The reasons behind 3456 ports and Jonathans opinion about HPC

I had an email in my inbox from a reader, who asked me for the math behind the 300 switches. So i cite the email of Andreas Bechtolsheim to Jonathan Schwartz (Jonathan published it his blog, you will find more information about our Constellation announcement in his blog)

Begin forwarded message:
From: Andreas Bechtolsheim
Date: June 28, 2007 6:58:59 AM PDT
To: Jonathan Schwartz
Cc: John Fowler
Subject: 3,456 We implement a 5-stage fabric, and with a 24-port switching element
the maximum number of ports is n*n/2*n/2, or 24*12*12 =3456. Other Infiniband switches in the market today are 3-stage fabrics
and they have n*n/2 or 24*12 = 288 ports. Now you can build a 5-stage 3456 port switch with 12 288-port switches
and 288 24-port leaf switches but you end up with 300 boxes occupying
about 456U of rack space or 12 racks, and 6912 cables.
We use one double rack with 1152 cables, so it is 1/6th the space,
1/6th the cables and 1/6th the weight. On Jun 28, 2007, at 6:36 AM, Jonathan Schwartz wrote: so - why 3,456 ports?

But this is not the most interesting point Jonathan makes in his blog. He answers the question, why we do such systems:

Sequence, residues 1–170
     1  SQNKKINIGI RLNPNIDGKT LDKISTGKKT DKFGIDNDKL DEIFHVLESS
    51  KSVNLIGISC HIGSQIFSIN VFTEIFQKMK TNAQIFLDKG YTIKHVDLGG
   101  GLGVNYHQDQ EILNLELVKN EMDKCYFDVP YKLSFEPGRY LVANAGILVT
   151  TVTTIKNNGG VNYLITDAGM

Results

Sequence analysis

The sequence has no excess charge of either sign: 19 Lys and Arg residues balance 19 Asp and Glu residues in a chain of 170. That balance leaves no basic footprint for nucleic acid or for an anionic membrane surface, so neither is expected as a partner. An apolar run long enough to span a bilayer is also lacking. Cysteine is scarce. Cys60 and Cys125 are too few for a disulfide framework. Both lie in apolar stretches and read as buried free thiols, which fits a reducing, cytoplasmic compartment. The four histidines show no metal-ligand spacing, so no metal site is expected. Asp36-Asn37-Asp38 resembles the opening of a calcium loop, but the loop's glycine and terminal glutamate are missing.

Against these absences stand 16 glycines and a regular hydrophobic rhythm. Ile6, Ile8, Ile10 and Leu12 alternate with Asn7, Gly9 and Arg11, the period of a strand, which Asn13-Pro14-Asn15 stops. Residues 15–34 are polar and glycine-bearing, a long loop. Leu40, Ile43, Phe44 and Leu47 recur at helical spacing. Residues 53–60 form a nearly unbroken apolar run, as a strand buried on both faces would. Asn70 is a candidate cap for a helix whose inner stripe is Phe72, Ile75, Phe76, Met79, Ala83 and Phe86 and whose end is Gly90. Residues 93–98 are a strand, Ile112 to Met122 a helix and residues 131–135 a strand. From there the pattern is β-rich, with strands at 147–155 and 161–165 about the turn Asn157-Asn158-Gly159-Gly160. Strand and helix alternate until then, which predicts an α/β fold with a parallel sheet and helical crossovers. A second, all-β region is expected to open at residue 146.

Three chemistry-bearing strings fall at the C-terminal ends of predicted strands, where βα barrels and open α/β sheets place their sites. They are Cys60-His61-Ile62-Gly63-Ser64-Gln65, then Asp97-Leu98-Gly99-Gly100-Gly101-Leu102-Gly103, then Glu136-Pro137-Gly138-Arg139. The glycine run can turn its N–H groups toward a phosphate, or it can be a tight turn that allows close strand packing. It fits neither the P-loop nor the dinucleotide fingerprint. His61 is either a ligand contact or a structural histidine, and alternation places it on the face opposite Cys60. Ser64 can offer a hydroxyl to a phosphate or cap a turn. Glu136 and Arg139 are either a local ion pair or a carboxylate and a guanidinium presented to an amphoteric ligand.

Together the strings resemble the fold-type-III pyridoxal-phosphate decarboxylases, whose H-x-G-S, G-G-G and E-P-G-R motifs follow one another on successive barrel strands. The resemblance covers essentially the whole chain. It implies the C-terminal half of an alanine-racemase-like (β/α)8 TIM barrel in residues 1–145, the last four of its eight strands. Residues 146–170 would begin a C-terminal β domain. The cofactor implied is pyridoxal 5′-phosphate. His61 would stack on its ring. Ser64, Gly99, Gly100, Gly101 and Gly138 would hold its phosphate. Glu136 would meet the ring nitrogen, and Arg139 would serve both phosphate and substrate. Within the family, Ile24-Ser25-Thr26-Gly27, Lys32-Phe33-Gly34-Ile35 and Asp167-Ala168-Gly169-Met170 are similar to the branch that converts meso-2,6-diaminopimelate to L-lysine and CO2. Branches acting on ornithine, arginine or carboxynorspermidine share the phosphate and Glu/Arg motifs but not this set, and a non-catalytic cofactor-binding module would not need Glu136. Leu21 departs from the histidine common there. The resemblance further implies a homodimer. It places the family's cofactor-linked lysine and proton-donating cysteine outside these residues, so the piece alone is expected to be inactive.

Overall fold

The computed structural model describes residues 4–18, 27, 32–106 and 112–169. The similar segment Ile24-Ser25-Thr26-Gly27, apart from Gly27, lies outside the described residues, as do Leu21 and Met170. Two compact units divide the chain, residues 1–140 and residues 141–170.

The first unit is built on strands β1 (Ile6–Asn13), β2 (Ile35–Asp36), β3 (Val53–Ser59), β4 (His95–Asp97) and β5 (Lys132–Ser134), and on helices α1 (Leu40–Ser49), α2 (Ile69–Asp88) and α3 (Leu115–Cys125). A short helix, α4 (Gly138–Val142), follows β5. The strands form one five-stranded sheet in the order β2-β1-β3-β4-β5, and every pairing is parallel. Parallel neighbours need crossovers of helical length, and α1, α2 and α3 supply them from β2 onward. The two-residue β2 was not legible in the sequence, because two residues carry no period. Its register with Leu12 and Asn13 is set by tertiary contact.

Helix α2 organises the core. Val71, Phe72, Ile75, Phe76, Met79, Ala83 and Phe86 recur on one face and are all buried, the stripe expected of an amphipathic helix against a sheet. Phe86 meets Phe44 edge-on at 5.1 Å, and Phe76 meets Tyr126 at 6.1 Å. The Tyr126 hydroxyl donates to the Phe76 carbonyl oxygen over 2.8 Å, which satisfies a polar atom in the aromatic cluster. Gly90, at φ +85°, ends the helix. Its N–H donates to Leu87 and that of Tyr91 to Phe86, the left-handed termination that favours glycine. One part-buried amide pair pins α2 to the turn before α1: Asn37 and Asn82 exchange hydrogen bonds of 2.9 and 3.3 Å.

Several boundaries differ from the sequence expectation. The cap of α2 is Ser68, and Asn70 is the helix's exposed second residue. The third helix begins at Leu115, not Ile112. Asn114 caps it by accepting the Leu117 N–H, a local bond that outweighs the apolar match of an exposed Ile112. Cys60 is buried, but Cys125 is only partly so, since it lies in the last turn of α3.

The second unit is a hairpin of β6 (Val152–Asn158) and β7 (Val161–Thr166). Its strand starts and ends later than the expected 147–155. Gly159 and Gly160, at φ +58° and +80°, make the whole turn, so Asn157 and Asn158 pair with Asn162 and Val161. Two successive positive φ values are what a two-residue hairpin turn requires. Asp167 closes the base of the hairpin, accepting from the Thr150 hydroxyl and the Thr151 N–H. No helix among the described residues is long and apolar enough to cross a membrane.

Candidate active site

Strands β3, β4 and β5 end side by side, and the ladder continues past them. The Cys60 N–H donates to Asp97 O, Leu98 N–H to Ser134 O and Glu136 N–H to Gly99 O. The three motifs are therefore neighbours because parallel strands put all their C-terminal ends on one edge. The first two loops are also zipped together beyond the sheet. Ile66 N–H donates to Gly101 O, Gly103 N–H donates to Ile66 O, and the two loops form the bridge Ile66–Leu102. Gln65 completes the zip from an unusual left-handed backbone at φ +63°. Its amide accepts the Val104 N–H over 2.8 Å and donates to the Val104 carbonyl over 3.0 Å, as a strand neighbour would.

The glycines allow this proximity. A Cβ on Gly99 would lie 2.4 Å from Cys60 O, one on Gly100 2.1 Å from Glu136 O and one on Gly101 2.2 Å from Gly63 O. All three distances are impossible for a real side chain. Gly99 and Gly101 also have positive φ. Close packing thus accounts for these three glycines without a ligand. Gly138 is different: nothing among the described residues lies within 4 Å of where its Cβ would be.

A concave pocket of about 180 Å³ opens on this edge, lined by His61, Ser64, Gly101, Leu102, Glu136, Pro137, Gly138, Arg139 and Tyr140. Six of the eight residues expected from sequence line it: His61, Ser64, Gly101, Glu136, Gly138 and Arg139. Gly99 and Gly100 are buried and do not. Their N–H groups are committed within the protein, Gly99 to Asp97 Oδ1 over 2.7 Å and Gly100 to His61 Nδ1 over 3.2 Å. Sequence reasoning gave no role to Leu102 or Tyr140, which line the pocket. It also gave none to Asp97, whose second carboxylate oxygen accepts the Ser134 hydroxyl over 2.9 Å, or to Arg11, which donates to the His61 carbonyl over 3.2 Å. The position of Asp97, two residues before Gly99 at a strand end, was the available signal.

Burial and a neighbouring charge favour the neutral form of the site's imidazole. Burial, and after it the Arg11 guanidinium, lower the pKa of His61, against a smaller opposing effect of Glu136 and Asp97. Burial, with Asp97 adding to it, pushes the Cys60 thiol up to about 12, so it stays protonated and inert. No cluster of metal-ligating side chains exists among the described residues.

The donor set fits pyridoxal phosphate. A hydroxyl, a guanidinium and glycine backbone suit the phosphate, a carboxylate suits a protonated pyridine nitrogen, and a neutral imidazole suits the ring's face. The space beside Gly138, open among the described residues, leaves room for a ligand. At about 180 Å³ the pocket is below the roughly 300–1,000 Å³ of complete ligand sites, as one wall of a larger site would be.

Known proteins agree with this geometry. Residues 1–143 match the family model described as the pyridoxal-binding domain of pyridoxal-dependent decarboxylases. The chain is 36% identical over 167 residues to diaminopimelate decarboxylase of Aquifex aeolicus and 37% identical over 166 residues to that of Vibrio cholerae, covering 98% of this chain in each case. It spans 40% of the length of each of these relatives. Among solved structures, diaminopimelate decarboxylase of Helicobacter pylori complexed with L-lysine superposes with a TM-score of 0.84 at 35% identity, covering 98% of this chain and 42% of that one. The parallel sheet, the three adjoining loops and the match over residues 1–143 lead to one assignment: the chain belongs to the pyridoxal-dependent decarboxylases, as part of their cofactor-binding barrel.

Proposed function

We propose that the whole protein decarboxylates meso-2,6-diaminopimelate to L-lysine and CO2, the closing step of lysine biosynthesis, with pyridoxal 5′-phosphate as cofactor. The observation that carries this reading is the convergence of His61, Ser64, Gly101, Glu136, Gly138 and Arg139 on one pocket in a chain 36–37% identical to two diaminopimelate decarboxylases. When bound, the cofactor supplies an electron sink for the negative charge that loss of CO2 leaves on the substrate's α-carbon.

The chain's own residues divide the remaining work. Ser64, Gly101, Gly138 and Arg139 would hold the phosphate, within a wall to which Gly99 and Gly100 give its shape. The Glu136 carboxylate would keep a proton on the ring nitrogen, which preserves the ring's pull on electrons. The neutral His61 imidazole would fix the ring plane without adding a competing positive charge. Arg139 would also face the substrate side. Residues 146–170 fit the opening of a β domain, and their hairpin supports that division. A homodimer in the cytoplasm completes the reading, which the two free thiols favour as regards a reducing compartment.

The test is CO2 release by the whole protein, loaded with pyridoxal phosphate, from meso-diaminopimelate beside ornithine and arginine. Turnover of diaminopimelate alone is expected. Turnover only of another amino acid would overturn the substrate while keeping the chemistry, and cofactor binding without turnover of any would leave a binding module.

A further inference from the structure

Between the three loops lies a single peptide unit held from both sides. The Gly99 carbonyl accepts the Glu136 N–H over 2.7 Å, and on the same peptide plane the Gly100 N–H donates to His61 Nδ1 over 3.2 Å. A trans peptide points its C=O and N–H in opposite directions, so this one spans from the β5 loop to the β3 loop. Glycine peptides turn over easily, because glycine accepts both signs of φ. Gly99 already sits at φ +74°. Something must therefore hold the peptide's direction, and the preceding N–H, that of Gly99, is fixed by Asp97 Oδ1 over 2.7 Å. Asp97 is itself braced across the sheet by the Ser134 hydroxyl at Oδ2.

The academic supercomputing community (there's that word again) sets the pace for enterprise computing across the world – which has grabbed on to HPC for an array of real world challenges, from virus, disease, and drug discovery, to customer purchase pattern analytics, capital markets trading, energy discovery, dynamic resource management - you name it, it's one of the fastest growing segments in the marketplace. Proving that what starts in academia, ends up on main street. Industry looks to academia and research institutions to understand the innovations that enable breakthrough scale and performance (just ask Linus - who, come to think of it, still hasn't responded to my dinner invite... I hope it's not my cooking.)

It´s not only a simple marketing stunt. The problem of HPC in really large scales ist to an part, that these systems need large amounts of labour to build them. Getting from

here to there

transforms HPC from an hand-crafted environment to an more commoditized environment, so new sets of customers and problems gets in a economical reasonable reach for HPC systems, thus opening new markets for such environments, thus moving HPC to a more standard tool in the architectural toolbox.